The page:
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How can you run a command (e.g. iftop or similar) that requires root privileges from a non-root user and without using SUDO in front?

Alternatively, how can you give root privileges to a user without becoming root?

Ideally, I want to run the iftop command in the following way:

[user@pc]$ iftop

And not like:

[user@pc]$ sudo iftop

[root@pc]$ iftop
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  • 1
    What is the purpose ? Sounds like an XY-Problem.
    – pLumo
    Mar 25, 2020 at 14:05
  • I cannot run my command as root nor with sudo. So I'm looking for alternatives
    – Adam
    Mar 25, 2020 at 14:08
  • @Adam Why can't you do that?
    – Kusalananda
    Mar 25, 2020 at 15:05

2 Answers 2

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How can you run a command (e.g. iftop or similar) that requires root privileges from a non-root user and without using SUDO in front?

There are at least 2 methods you can use to allow non-root users use iftop but both of them require root access.

The safer method is to assign cap_net_raw capability to iftop binary:

sudo setcap cap_net_raw+ep "$(command -v iftop)"

The less safe method is to assign setuid root:

sudo chmod +s "$(command -v iftop)"

Alternatively, how can you give root privileges to a user without becoming root?

You can't.

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  • If I add the root setuid, the iftop command will be run with the root user, right? The best solution for me would be to run a generic binary that requires root privileges but from a non-root user and without sudo.
    – Adam
    Mar 25, 2020 at 14:41
  • @Adam this sounds like a very bad idea.
    – Panki
    Mar 25, 2020 at 14:43
  • It is only for testing purposes, not for production. In any case, is it possible?
    – Adam
    Mar 25, 2020 at 14:47
  • @Adam: yes, it will. The best solution for me would be to run a generic binary that requires root privileges but from a non-root user and without sudo. - why do you need that? If there is a binary you use very often and get tired always typing sudo first the safest way is to assign needed capabilities with setcap, you will not sudo any more. Remember it's a huge security risk to allow unprivileged users on the system to run binaries that should run as root. Mar 25, 2020 at 14:49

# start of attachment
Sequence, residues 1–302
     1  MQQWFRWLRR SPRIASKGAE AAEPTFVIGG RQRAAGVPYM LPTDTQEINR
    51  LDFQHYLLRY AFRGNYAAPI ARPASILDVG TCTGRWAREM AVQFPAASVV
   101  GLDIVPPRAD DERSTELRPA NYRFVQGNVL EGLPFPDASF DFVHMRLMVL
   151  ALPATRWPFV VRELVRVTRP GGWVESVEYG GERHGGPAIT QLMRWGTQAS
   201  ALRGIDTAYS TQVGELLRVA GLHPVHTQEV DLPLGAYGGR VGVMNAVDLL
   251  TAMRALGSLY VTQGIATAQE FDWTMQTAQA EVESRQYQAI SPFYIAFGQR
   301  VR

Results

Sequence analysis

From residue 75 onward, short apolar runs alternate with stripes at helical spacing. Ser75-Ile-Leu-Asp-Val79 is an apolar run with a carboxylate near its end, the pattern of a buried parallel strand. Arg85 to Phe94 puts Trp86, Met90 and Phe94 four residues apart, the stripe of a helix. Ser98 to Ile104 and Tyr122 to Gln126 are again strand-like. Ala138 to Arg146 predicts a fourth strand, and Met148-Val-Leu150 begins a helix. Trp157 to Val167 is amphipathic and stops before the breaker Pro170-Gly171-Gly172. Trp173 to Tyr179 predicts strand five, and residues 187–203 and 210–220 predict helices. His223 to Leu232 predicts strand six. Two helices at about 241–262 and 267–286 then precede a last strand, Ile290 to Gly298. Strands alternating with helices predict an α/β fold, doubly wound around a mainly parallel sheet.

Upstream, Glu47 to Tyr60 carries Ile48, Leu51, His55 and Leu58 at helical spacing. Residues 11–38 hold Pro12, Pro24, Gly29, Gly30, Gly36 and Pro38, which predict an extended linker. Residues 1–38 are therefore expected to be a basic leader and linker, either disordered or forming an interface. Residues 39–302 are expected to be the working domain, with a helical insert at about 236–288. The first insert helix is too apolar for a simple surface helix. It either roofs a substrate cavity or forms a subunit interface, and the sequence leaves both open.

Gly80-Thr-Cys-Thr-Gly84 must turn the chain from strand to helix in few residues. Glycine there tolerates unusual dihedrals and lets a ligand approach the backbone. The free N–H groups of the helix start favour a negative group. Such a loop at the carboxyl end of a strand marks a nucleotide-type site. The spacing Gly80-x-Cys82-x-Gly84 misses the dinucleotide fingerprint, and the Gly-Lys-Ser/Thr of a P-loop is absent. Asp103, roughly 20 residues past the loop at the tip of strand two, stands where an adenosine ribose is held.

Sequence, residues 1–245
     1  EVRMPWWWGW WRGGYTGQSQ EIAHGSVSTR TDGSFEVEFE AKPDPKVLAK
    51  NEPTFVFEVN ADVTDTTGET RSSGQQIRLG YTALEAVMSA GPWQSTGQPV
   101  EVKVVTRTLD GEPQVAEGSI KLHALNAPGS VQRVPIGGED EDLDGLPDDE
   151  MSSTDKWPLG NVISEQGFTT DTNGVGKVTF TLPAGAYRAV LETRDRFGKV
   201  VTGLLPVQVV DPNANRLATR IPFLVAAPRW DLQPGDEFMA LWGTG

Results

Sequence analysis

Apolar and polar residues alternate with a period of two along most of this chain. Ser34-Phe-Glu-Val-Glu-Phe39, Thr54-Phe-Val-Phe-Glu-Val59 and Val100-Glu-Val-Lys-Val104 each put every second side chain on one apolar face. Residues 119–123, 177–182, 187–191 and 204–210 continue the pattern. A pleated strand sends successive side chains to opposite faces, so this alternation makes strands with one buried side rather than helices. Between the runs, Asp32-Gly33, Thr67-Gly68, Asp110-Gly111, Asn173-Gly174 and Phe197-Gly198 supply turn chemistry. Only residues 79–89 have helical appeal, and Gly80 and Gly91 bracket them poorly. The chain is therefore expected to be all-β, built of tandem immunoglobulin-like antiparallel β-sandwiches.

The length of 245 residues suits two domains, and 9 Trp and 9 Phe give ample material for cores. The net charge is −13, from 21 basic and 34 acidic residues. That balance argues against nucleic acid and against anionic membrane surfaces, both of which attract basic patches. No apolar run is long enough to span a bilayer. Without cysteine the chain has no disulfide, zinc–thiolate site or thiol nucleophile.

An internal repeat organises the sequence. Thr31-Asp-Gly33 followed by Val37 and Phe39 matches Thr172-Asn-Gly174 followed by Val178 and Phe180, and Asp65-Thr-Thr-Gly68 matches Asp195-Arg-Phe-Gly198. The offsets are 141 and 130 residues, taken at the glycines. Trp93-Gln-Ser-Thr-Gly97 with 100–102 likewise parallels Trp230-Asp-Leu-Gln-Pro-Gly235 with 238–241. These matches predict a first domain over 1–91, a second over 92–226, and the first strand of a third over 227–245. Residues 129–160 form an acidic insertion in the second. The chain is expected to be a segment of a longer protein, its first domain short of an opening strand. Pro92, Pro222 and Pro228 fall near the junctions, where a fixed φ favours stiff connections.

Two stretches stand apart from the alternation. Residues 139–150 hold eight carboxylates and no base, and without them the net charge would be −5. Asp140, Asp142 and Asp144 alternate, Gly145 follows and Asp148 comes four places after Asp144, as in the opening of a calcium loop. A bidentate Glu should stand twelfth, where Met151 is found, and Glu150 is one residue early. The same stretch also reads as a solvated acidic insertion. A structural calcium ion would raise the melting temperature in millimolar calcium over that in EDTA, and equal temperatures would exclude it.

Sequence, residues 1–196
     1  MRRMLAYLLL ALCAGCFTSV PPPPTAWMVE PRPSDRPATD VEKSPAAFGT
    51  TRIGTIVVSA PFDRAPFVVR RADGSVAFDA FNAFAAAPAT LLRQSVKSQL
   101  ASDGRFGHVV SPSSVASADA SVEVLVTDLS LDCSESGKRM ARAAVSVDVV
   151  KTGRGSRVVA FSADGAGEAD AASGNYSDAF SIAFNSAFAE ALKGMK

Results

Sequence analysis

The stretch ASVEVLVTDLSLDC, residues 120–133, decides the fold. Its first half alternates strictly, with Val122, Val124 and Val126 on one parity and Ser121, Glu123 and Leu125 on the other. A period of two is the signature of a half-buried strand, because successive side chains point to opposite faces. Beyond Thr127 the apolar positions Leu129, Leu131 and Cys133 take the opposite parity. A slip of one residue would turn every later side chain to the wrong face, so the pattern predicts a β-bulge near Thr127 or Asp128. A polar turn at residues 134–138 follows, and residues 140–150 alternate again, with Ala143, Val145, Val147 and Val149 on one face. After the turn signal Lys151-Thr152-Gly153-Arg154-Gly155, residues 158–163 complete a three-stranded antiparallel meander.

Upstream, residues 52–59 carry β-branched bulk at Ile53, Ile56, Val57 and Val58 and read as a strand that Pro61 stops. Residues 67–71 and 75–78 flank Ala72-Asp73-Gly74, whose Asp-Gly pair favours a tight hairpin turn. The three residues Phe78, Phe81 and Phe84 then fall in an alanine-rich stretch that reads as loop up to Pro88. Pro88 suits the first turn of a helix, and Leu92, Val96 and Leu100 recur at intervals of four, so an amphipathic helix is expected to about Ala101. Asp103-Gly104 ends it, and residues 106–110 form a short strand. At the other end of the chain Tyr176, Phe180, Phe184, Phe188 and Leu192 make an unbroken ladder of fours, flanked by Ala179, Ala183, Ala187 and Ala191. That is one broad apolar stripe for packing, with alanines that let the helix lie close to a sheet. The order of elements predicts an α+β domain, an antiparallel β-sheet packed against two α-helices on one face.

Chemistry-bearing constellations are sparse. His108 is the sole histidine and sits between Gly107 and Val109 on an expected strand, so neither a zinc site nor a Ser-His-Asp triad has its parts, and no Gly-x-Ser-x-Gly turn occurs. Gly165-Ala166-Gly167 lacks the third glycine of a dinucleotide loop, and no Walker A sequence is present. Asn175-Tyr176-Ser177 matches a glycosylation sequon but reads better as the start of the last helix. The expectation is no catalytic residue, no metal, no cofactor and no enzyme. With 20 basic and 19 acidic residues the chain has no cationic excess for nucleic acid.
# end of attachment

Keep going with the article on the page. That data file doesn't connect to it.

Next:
• @Adam: I hope you're at least doing that in a virtual machine or a container and that you're the only user of that system. If that's your situation, you're free to experiment. Mar 25, 2020 at 14:50
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That can be done using the set user id file attribute:

# chmod u+s /usr/bin/sleep
# sleep 1000&
# ps aux | grep -w sleep | grep -v grep
root   1234  0.0  0.0   ...  0:00 sleep 1000

THIS IS A BIG SECURITY RISK!

If you wish to run something as someone else (not root, as here), that is possible:

# chown pulse /usr/bin/sleep
# chmod u+s /usr/bin/sleep
# sleep 1000&
# ps aux | grep -w sleep | grep -v grep
pulse   1234  0.0  0.0   ...  0:00 sleep 1000

If you are not root you can allow someone else to run a command as you:

# id -nu
john
# ls -l a.out
-rwxr-x--- 1 john users   50923 Mar 25 10:17 a.out
# chmod go+rx,u+s a.out
# ls -l a.out
-rwsr-xr-x 1 john users   50923 Mar 25 10:17 a.out

(please note the "s" where the "x" was in "rwx...". That means the set user id flag is set)

Then, as jane:

# id -nu
jane
# ~john/a.out

That command a.out will be run as john.

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  • First, it's /usr/bin/sleep. Second, how can you do that as non-root? Mar 25, 2020 at 14:14
  • @ArkadiuszDrabczyk Thanks for pointing out the typo. I have corrected it and added an example as non-root. None of the involved users need to be root. Naturally, you need to set the flag as the person who is to be impersonated and on your own file. Otherwise there would be no security in Linux.
    – Ned64
    Mar 25, 2020 at 14:21
  • OP asked how can you give root privileges to a user without becoming root? . Mar 25, 2020 at 14:23
  • @ArkadiuszDrabczyk Then the second part of my comment has the answer.
    – Ned64
    Mar 25, 2020 at 14:24

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